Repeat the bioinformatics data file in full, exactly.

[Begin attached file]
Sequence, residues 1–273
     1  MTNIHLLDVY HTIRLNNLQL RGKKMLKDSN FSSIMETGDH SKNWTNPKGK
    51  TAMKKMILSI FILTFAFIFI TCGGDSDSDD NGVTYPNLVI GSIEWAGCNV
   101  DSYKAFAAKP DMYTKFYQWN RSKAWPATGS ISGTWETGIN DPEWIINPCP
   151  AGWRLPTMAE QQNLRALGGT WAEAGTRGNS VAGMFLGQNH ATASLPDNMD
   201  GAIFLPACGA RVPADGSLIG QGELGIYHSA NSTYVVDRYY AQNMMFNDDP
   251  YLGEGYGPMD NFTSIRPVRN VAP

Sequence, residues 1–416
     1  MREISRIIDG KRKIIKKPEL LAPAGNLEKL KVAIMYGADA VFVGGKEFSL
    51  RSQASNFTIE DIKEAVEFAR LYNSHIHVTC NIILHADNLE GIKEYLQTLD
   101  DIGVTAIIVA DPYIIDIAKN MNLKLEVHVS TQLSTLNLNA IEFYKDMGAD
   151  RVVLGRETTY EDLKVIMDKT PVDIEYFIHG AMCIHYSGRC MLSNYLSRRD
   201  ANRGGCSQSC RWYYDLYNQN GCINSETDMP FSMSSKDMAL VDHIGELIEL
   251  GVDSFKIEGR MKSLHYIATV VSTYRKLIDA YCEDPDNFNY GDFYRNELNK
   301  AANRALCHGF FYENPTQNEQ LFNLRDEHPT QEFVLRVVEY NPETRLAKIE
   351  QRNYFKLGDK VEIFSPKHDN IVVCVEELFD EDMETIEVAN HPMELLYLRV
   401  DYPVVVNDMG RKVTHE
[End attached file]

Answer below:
Sequence, residues 1–273
     1  MTNIHLLDVY HTIRLNNLQL RGKKMLKDSN FSSIMETGDH SKNWTNPKGK
    51  TAMKKMILSI FILTFAFIFI TCGGDSDSDD NGVTYPNLVI GSIEWAGCNV
   101  DSYKAFAAKP DMYTKFYQWN RSKAWPATGS ISGTWETGIN DPEWIINPCP
   151  AGWRLPTMAE QQNLRALGGT WAEAGTRGNS VAGMFLGQNH ATASLPDNMD
   201  GAIFLPACGA RVPADGSLIG QGELGIYHSA NSTYVVDRYY AQNMMFNDDP
   251  YLGEGYGPMD NFTSIRPVRN VAP

Sequence, residues 1–416
     1  MREISRIIDG KRKIIKKPEL LAPAGNLEKL KVAIMYGADA VFVGGKEFSL
    51  RSQASNFTIE DIKEAVEFAR LYNSHIHVTC NIILHADNLE GIKEYLQTLD
   101  DIGVTAIIVA DPYIIDIAKN MNLKLEVHVS TQLSTLNLNA IEFYKDMGAD
   151  RVVLGRETTY EDLKVIMDKT PVDIEYFIHG AMCIHYSGRC MLSNYLSRRD
   201  ANRGGCSQSC RWYYDLYNQN GCINSETDMP FSMSSKDMAL VDHIGELIEL
   251  GVDSFKIEGR MKSLHYIATV VSTYRKLIDA YCEDPDNFNY GDFYRNELNK
   301  AANRALCHGF FYENPTQNEQ LFNLRDEHPT QEFVLRVVEY NPETRLAKIE
   351  QRNYFKLGDK VEIFSPKHDN IVVCVEELFD EDMETIEVAN HPMELLYLRV
   401  DYPVVVNDMG RKVTHE